Priced Less

Richard Quinn

I REMEMBER GOING to my grandparents on holidays. At each place at the dinner table was a cloth napkin in a sterling silver napkin ring. It was the thing to do at the time. Each napkin ring was unique and quite old. I still have mine.

When my wife and I were married in 1968, two things she wanted were sterling silver flatware and Lenox china. We got the silver as a wedding present and eventually built up enough Lenox china to serve 12.

On our first trip to Ireland, a must stop was the Waterford crystal factory. I remember it well. They gave you a clipboard to roam the showroom and check off your purchases. You were assigned a counselor to help you decide. My wife was good at deciding. A few weeks after we arrived home, we received two large boxes of crystal. Our new prized possessions, including water and wine glasses, cost $80 each—and that was more than 15 years ago.

On trips to Europe, we gained more treasures from Meissen, Lladro, Wedgwood and Royal Doulton. Sadly, Royal Doulton stopped making the teacups with hand-painted Periwinkles.

On my wife’s 40th birthday, I gave her a limited addition Lenox decorative bowl. It had great emotional value. Four children running around a dining room table waving a box of cereal managed to shatter that dream. We glued it together and, after a long search, found a replacement—for the bowl, not the children.

Where is all that stuff today?

Most is packed away in cabinets and closets. If we use the china and sterling once a year, it’s a lot. About the same for the Waterford. The treasured pieces of Lladro and such are carefully displayed in a curio cabinet.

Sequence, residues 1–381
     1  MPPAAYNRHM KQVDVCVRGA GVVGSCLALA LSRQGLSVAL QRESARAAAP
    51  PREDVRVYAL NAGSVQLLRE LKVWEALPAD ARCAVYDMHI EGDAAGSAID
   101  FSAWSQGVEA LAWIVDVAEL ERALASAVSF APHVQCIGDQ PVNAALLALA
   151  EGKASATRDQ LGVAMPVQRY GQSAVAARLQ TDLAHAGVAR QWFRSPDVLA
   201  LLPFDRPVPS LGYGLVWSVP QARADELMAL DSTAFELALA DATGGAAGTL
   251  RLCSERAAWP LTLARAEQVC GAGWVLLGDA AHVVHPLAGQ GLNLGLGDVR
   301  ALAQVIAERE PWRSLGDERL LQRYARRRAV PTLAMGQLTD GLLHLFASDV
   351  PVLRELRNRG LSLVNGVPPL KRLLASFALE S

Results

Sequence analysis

What is it all worth? In terms of memories, priceless. In terms of cash, I’m not sure. It seems such unnecessary niceties have fallen out of favor. I recently found glasses in our Waterford pattern at a local thrift shop. When we downsized, we asked our children what they wanted, and got blank stares and no interest. Is fine dining at home a thing of the past?

It’s a good thing our treasures weren’t an investment. I would have done better with Beanie Babies. Last April, Hippity the Rabbit sold for $20,000.

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Allan Clark
Allan Clark
8 months ago

Too true! Having the hand-me-downs of all 4 of our parents, I faced a mountain when I had to downsize from 36 years in a 3 bedroom house (with grannyflat, basement, garage and shed) to a 2 bedroom condo – by myself (my wife has dementia; reason for the move). Not only did our son not want anything, covid didn’t help with giving some of it away. Limoges and Royal Copenhagen dishes (87!), Holmegaard glass, Georg Jensen stuff … not to mention stamp and coin collections (even an electric train set – where did that come from?) One’s prized possessions are not worth much; don’t waste time trying to monetise everything!

1 year ago

Same in our house. Things we carefully acquired and paid dearly for over the years, are now worth little monetarily and virtually zero in sentimental value. Our son has made clear that he doesn’t want “…any of this c..p!” I guess it either goes to the hospital thrift store or gets sold in a garage sale after we have been wheeled out of our house to…somewhere. My hope is that if some of this stuff can survive another couple of decades, a younger generation may once again declare it to be back in fashion.

Bob Wilmes
Bob Wilmes
1 year ago

I confirmed with my wife we have a large stash of treasured Beanie Babies ready for sale. At these crazy prices their return on investment (ROI) has allegedly been phenomenal. Who knew – they were sitting in some curio cabinets in the basement!

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